How long do commitments last? If thrifts have anything to say about this, often not very long. That seems to be the way our culture goes sometimes. Last year’s purchase is this year’s resale. I once found a chemise, which I had recently been eyeing in a new clothing store, in the racks of a thrift. When I went back to the new clothing store, I still found it there, at normal price, of course. Went back to the thrift and bought the like-new red satin piece with black lace inserts and red, crisscrossed satin ties in the back.

What does this say about my own sense of commitment? I’ll try to not let the metaphor drift too far. Only that I find hidden value in the less-than-new but still beautiful. Even items with a few chips or a missing button. Even a missing tooth, like mine—a spot in my mouth where a baby tooth was lost and a permanent tooth never grew in its place.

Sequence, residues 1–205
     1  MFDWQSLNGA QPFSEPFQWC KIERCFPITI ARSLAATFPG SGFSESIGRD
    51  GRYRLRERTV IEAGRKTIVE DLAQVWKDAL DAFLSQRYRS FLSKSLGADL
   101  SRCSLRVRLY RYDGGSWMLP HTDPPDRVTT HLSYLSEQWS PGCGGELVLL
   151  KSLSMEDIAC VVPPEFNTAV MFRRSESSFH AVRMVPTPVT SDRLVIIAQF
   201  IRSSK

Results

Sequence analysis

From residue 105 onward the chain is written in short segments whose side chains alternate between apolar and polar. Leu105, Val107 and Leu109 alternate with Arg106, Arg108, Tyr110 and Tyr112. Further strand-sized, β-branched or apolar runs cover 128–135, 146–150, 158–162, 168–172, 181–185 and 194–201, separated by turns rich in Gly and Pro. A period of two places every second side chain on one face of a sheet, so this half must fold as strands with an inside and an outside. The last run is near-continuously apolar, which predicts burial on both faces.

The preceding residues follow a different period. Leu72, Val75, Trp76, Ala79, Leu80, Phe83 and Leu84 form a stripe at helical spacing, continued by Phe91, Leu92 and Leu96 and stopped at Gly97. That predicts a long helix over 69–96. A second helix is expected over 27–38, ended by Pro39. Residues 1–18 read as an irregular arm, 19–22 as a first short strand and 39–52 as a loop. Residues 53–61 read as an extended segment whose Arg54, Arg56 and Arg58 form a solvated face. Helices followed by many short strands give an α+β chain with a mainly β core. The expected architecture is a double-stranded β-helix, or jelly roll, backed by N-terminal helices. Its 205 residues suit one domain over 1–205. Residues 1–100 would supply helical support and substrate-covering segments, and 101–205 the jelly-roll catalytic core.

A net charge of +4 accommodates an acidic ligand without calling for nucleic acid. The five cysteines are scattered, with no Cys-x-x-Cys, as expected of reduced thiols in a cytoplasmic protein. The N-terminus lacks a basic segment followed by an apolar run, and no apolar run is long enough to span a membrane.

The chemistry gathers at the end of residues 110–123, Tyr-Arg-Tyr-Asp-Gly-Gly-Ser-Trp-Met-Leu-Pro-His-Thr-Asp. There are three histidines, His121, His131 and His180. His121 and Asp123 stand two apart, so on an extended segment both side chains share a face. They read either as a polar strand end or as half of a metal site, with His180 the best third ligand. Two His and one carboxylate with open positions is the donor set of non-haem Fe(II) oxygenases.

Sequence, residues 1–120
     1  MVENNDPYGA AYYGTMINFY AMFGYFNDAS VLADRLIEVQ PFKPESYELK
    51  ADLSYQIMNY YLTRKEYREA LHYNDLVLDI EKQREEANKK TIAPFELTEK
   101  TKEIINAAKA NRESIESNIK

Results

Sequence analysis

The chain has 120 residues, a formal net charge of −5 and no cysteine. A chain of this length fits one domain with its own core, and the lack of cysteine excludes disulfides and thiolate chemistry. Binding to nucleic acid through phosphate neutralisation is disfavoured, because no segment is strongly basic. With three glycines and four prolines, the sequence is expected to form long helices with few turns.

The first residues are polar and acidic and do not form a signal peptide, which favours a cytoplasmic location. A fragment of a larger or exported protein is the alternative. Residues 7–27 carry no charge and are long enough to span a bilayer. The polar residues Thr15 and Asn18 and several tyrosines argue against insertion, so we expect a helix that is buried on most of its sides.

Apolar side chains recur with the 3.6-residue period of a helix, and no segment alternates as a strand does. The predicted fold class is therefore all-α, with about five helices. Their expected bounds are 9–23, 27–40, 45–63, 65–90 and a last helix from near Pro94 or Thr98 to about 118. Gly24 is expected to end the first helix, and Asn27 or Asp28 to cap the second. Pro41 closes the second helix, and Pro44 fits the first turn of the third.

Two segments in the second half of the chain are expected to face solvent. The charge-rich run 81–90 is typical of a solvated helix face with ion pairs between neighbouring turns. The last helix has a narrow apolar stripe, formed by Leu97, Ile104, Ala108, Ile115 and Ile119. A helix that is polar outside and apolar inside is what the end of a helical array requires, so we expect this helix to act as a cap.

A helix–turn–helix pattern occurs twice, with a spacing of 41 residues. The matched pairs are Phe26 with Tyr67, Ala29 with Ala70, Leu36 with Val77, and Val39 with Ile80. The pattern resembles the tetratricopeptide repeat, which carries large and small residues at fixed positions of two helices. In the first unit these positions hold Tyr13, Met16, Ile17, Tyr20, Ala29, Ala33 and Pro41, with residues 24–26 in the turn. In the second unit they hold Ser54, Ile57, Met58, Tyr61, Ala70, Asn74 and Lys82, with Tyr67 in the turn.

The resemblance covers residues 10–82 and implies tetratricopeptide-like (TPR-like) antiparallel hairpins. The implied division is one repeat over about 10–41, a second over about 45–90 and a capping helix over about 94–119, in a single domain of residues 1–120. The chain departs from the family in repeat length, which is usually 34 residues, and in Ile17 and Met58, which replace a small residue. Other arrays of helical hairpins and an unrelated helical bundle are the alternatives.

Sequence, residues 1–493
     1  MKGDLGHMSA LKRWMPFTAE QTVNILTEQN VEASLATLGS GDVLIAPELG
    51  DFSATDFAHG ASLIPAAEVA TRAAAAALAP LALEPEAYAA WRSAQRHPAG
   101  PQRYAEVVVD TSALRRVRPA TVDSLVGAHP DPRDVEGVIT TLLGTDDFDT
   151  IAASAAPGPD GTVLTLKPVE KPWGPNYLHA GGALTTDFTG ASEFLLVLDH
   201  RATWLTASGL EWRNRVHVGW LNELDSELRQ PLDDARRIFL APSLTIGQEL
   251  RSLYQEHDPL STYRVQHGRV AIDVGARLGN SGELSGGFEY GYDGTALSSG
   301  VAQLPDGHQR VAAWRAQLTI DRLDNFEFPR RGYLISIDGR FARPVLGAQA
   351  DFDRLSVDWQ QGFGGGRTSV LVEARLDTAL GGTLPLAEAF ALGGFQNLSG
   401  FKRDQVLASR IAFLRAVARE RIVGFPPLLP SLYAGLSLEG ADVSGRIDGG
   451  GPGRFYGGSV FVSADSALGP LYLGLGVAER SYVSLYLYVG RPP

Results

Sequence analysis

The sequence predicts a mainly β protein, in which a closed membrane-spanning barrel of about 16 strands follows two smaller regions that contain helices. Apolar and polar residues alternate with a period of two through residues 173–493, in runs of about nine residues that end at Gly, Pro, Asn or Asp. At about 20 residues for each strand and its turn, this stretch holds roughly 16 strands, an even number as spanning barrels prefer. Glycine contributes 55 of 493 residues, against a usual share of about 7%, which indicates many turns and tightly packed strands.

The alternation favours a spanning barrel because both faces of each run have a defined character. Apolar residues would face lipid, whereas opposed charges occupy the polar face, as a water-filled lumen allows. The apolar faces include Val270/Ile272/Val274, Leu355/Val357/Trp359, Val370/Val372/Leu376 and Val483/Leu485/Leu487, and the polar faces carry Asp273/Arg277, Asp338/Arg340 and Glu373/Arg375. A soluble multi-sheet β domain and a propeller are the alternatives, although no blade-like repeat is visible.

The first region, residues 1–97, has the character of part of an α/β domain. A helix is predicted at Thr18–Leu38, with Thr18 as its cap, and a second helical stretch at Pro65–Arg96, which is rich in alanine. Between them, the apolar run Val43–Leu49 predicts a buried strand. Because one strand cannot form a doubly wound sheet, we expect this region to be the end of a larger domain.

I am in a committed relationship, too, an engagement, something at one time I didn't think I was capable of doing. But I have found that some of that is a result of a fear of what "commitment" means or looks like. I believe that each of us, for what it is worth, can create commitments that are meaningful and longlasting without being the stereotypical "ball and chain." We can even find real, long-term happiness in those relationships.

And I believe that even if something, or someone, has been around the block a few times, as I have, there is still a place for he/she/it, a usefulness and purpose. At least, I hope this to be the case.

Saturday, December 13, 2008